Controversy surrounding interprovincial trade rears its head again in spat between pair of Canadian premiers
EDMONTON—Alberta Premier Rachel Notley says her Saskatchewan counterpart Brad Wall should pick up the phone if he has a problem with her province’s new beer rules.
Notley says criticism of her policy is another “political drive-by” from Wall.
“My experience over the last 13 months is that when there’s a matter, pick up the phone and talk to your colleagues,” Notley said July 19 at the legislature. “I would suggest that if he (Wall) would actually like to see a solution, that’s a better approach.”
“The fact of the matter is we did pick up the phone,” Wall countered. “We did it last Friday. We waited until Monday to make any public comment … obviously it’s not a drive-by; it’s not even a walk-by.”
Wall said he asked his senior advisor Reg Downs last week to contact Notley’s chief of staff, saying they wanted to comment publicly on the matter but not without letting Alberta officials know.
“We have real concerns about this, about the impact on Saskatchewan jobs,” said Wall.
“Obviously Alberta consumers are going to be paying more for beer but that’s not our business. What is our business, though, is if something’s violating the spirit of the New West Partnership and if it’s going to potentially cost jobs in our province, then we have to look at all of our options.”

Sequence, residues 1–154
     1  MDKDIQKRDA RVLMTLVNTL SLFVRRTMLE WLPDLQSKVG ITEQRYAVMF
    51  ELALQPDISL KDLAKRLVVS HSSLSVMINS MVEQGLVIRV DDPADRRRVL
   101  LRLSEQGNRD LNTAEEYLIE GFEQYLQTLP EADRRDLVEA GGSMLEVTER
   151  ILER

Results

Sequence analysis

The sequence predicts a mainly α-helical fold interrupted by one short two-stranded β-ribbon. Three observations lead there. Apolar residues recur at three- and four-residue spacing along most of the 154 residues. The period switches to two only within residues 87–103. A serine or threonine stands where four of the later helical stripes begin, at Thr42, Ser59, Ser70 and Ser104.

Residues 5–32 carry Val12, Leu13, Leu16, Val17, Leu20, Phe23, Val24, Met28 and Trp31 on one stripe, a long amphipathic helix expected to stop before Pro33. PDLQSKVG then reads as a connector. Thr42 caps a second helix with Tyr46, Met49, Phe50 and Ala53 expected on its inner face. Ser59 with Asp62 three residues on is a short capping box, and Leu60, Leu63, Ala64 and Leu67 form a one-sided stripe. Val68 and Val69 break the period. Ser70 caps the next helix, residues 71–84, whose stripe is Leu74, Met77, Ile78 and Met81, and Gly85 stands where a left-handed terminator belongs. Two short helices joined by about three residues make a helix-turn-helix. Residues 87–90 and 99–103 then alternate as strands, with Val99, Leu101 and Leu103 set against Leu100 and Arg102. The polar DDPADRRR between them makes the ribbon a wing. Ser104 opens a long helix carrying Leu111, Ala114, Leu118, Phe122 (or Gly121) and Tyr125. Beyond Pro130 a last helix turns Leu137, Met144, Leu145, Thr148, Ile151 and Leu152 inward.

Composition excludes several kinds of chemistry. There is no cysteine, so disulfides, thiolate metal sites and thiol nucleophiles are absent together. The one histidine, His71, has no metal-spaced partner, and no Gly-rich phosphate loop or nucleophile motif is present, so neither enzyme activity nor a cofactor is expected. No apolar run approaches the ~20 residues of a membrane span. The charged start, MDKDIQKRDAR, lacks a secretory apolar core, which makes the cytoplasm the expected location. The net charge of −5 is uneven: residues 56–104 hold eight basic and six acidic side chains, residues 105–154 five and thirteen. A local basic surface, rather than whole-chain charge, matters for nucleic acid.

At issue is Alberta’s new pricing plan for beer.
As of Aug. 5, the markup on beer will be set at $1.25 a litre—regardless of where the beer is made—but there will be grants available for Alberta-based small brewers.
Notley says Alberta has been too passive when trade rules in other provinces have harmed local interests in its brewing industry.
“We’re going to reach out and help some of our small brewers on an economic development basis,” said Notley, who noted there are a number of other Alberta-made products that can’t be sold in other provinces.
“But in the meantime I will not be lectured about any efforts that our government might take in the future in order to support our small brewers, our economic diversification, our workers and our industries.”
Wall’s government says the price change will hurt Saskatchewan producers selling in Alberta and violates the spirit of interprovincial trade agreements.
Last fall, Wall’s government announced it was lowering the markup on beer from smaller breweries in Alberta, Saskatchewan and British Columbia as part of the New West Partnership trade agreement with the three provinces.
Don McMorris, minister for the Saskatchewan Liquor and Gaming Authority, has said Alberta’s markup will hurt his province’s brewers, namely Saskatoon-based Great Western Brewing.
Wall is expected to raise the issue with Notley at the premiers meeting later this week in Whitehorse.
—with files from CKRM